Vulnerabilities in the GPRS Tunneling Protocol (GTP) expose 4G and 5G cellular networks to a range of attacks, including denial of service, user impersonation and fraud, security researchers say Optimistic Technologies.
The issues identified impact both mobile operators and their customers, and could result in attackers leaving entire cities without communications, impersonating users to access various resources, or using network services at the operator’s or subscribers’ expense.
Some of the attacks can be carried out with the simple use of a mobile phone and all the networks tested have been found vulnerable to DoS, impersonation and fraud, researchers say. 5G networks are specifically influenced by GTP faults, which are used to relay users and control traffic, they emphasize.
On behalf of 28 telecom operators in Europe, Asia, Africa and South America, Positive Technologies carried out security assessments, discovering that all networks are susceptible to exploitation.
One of the core flaws in the GTP protocol is the fact that it does not check the user’s actual location, the security researchers explain. One, they contend, is that the user credentials are verified by default on the computer that serves the gateway (S-GW).
The researchers discovered that a DoS attack against a cellular network could be launched by sending multiple requests to open new connections, thus exhausting the DHCP server pool or GTP tunnel pool, preventing legitimate users from accessing the Internet.
Such DoS attacks could result in the loss of connection for a large number of users, since a single GGSN (GPRS Gateway Support Node) or P-GW (Packet Data Network Gateway) element usually supports all operator subscribers within a city or region.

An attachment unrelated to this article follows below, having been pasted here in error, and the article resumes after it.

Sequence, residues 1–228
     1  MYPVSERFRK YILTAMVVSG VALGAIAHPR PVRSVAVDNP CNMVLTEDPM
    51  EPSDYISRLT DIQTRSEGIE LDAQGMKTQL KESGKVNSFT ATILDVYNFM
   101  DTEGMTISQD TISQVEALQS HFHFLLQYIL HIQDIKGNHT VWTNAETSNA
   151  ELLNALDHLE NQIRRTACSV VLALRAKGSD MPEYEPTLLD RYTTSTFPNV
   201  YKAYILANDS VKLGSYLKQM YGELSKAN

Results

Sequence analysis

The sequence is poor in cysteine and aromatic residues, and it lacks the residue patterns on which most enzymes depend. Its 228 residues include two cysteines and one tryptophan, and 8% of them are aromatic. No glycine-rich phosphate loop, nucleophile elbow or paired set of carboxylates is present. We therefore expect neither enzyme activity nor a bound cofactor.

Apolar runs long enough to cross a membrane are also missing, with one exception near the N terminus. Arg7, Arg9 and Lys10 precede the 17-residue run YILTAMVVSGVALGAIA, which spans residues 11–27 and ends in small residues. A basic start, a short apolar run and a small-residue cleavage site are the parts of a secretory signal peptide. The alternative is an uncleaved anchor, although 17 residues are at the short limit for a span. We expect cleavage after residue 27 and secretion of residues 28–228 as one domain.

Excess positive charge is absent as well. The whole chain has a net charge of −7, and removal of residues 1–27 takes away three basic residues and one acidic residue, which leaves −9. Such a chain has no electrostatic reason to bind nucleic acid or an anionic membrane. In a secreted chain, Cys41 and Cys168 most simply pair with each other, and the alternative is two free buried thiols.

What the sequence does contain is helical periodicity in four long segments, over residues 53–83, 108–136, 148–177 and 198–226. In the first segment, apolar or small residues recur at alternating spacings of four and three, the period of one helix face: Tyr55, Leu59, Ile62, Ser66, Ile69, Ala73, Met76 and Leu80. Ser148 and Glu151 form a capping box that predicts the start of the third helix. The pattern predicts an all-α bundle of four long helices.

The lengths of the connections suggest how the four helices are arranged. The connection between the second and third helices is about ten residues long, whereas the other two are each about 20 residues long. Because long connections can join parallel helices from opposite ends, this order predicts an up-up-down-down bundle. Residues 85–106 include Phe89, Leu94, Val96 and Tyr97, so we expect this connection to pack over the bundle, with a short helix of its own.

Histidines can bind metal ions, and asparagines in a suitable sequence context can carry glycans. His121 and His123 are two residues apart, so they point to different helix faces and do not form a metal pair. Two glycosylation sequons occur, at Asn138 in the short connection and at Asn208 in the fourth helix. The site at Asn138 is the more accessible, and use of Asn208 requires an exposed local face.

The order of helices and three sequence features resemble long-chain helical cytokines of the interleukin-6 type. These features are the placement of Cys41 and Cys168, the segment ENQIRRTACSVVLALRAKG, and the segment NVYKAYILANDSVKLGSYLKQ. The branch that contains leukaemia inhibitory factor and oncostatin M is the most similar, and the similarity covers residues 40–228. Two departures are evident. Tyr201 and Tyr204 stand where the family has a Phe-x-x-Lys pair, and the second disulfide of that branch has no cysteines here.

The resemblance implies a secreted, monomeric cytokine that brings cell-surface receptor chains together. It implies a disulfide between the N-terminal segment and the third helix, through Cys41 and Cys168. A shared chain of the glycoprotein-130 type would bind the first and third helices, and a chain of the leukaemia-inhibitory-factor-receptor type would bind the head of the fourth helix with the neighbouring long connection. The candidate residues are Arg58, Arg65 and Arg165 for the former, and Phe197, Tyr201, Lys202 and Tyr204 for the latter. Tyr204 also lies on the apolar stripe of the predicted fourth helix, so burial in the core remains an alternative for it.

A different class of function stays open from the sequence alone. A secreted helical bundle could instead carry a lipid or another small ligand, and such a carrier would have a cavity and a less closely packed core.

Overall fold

“Mass communication failure is particularly dangerous for 5G networks, as its users are IoT devices such as industrial equipment, smart homes and urban infrastructure,” the researchers note.
Positive Technologies discovered on all tested networks that it was possible to connect using corrupted identificators of legitimate subscribers, which would result in that customer paying for the service. If instead an inexistent identifier is used, the attack would result in loss of revenue for the operator.
It is also possible to impersonate subscribers and access online third-party services using their identities, either through compromised identifiers or by spooofing user session data using a real subscriber’s identifiers (phone number).
Services perform pass-through authentication for ease, where the operator automatically offers encrypted access to the services because the customer has the SIM card. These services may be allowed to verify the MSISDN (a number used to identify a foreign phone number) during account registration, conduct anti-fraud checks and authorize access without a password.
“This is also an assault on impersonation, in which an adversary effectively assumes the identity of one of the legitimate parties in a scheme. The implications vary according to which resource or service the attacker can access, “the researchers explain.
The tests revealed that the GTP vulnerabilities identified can be exploited via the IPX interoperator network, and in some cases even from a mobile device. With most 5 G network implementations being non-standalone as of early 2020, they are vulnerable to disclosure of user information and the DoS, impersonation, and fraud attacks mentioned above.
And if 5G arrives independently, the issues will exist as GTP must exist in operation in these networks, even if for restricted uses. To ensure subscribers are protected, operators should “see the GTP protocol closely, ensure GTP-level filtering and deploy purpose-built security solutions,” the researchers note. This will also support enforcing GSMA safety guidelines and conducting security assessments.